Four times during the ten plagues Pharaoh asked Moses to pray. Four times Moses prayed though he had no reason to be kind to Pharaoh and every to reason to believe Pharaoh was insincere in his promises. Moses’ faithfulness in praying for his eneym is a vivid example of how the Christian ought to pray for others. Moses shows how a Christian can pray for those who persecute and revile. Moses illustrates how a Christian can pray for the enemies of God. Christians can genuinely pray for the benefit of their tormentors so that they may know the power of God and that they may know the God of heaven. When Christian’s pray for their enemies God is at work to show His power and accomplish His eternal purposes.

Doctrine that Divides

September 4, 2017

A primary tool in the debates over morality is control of the terminology used. It is no coincidence that those in favor of abortion are called pro-choice nor that they call pro-lifers anti-abortionists. The issue is often framed in terms of women’s rights and health. How we talk about stuff matters. How we talk about things shapes the way we think about it. Calling someone an abortion provider conveys something far different than calling him a murderer of babies. The terms shape thinking.

This is true within the church as well. In today’s church culture those who insist on sound doctrine are considered to be divisive and unnecessarily contentious. Those who embrace doctrinal vagueness and openness are said to do so to promote unity and grace in the church. Despite the popular nomenclature the Bible teaches something quite different about doctrinal rigidity.

The impact of false teachers on the church is horrible. The effects of apostates and heretics upon American Christianity has been catastrophic. The doctrine of the false teachers was described in Acts 15:24 troubling and turning away Christians. False teaching shipwrecks faith and blasphemes the name of Jesus. (1 Timothy 1:19-20) False teaching overthrows those who receive it. False teaching breeds ungodliness and spreads like a terrible infection. (2 Timothy 2:14-15) When it comes to the clear doctrines of the Bible Christians cannot agree to disagree. The church of Jesus Christ cannot join hands with teachers of all sorts and stripes. God’s church must affirm truth. God’s people must defend truth. The church must be protected from error.

Romans 16:17-18 says, “Now I beseech you, brethren, mark them which cause divisions and offences contrary to the doctrine which ye have learned; and avoid them. For they that are such serve not our Lord Jesus Christ, but their own belly; and by good words and fair speeches deceive the hearts of the simple.”

Those who teach false doctrine are the ones who create division and cause harm to the church. False teachers do not serve the Lord. They do not love him or His church. They love the satisfaction of their own desires. They use their convincing, appealing speaking to deceive many. New believers are susceptible to the manipulations and deceptions of these doctrinal charlatans. False teachers are not to be tolerated. They are to be marked out, removed and avoided. Christians who love one another will oppose false teachers. The loving Christian will not give false teachers an audience. He will give them rebuke.

Those who defend true doctrine are defenders of the church and of unity. This is what Paul is telling Titus, the churches on Crete and all New Testament churches. “A man that is an heretick after the first and second admonition reject;” The opposition of false teaching and the rejection of false teachers is essential for the good of the church, the protection of Christians and the repentance of the false teacher.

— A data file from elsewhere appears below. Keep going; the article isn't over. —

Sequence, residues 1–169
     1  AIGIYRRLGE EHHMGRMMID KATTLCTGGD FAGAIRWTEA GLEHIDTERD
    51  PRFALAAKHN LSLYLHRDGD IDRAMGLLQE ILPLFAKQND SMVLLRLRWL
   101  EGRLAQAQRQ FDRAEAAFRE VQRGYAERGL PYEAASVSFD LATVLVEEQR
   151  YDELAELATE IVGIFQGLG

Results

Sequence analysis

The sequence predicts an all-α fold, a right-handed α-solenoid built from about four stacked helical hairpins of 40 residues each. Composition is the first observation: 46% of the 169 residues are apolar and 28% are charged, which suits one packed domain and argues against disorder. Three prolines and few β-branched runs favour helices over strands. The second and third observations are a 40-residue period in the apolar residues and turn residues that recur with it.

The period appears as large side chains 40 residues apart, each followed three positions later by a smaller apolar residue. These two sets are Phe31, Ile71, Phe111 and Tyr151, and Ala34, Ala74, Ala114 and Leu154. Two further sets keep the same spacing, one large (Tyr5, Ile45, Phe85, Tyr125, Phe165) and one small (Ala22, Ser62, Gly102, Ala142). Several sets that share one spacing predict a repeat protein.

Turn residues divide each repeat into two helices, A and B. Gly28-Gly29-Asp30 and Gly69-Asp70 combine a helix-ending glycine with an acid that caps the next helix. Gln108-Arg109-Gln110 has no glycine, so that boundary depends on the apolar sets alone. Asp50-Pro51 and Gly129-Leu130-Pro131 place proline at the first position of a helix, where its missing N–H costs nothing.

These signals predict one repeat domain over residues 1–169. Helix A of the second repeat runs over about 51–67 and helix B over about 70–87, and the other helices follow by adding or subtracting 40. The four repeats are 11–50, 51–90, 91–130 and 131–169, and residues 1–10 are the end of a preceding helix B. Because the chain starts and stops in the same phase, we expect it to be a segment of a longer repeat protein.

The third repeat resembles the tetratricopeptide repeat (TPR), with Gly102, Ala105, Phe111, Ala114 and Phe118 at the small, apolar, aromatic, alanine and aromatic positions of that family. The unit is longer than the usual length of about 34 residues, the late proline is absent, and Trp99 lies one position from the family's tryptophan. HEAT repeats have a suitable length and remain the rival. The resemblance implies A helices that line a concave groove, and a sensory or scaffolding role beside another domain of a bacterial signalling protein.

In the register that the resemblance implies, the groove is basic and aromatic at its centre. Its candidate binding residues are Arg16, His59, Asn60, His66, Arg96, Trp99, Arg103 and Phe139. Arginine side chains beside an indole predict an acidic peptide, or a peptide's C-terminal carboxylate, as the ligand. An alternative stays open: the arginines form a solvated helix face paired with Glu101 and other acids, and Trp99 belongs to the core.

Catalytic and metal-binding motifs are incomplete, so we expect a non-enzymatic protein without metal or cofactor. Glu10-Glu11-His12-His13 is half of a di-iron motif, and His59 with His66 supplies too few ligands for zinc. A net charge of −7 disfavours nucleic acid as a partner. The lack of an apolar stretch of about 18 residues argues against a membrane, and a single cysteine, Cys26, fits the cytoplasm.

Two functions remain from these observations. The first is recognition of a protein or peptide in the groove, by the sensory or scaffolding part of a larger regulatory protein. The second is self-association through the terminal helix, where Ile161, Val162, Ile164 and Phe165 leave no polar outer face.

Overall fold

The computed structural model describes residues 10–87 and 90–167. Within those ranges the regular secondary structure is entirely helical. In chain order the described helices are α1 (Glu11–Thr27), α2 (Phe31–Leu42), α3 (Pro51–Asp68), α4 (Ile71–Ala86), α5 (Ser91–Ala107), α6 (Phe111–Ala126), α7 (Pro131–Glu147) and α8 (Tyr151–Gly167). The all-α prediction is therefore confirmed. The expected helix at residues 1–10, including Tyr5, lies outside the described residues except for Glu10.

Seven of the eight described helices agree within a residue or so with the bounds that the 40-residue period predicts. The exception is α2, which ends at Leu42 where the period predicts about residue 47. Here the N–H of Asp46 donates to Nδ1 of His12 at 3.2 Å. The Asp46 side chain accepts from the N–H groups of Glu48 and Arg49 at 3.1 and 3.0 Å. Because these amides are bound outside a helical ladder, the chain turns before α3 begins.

Spiritual Alchemy

August 28, 2017

Alchemy is an ancient pseudo-science that believed elements could be turned into other elements. The most famous alchemist pursuit was the search for a formula to turn lead into gold. The alchemist labors day and night in a tiny, dark shack to convert a lump of lead into gold. He lives on the edge of starvation and exhaustion. He spends every penny on new, mysterious ingredients. He spends every possible moment combining his concoctions and testing them on his unchanging hunk of lead. Outside his bleak hovel is a cave full of the purest gold. Gold nuggets hang from the walls waiting to plucked like ripe fruit. This alchemist is a fool. He has vast riches at his doorstep and he is wasting his life away in the pursuit of a fraud.

Those who spend their time in looking for hidden meanings in the Bible, chasing down numbers, names, secret codes and undiscovered mysteries are like the foolish alchemist. The treasure of the Bible is at hand. A little labor in reading and studying the Word opens eternal treasures far greater than the secrets “discovered” between and beneath the text. The Word of God is precious and priceless in its simplicity.

The Bible contains everything the Christian needs for life, Godliness and complete equipage to do good works. The Bible contains all the information needed for the child of God to live for His glory. God’s Word is enough for living in these days. His Word is enough for the need of the nation and the conversion of the lost. His Word supplies all essential answers in times of trouble. His Word is enough for life.

The Bible is fully sufficient. God, in His infinite grace, has given in the Word all things needed for the Christian life. In this ancient book are found instructions on work, family, home, government, church, study, money and every other thing that is of this world. Scripture gives direction on combating evil, conquering sin and changing habits. In the Bible God teaches all that is needed to be Godly.

The Word teaches all that is necessary for this life, but it is not an instruction manual on better living. The Bible is God’s revelation to men disclosing who He is, what He has done and what He requires of men. The Bible is the sufficient explanation of God to men.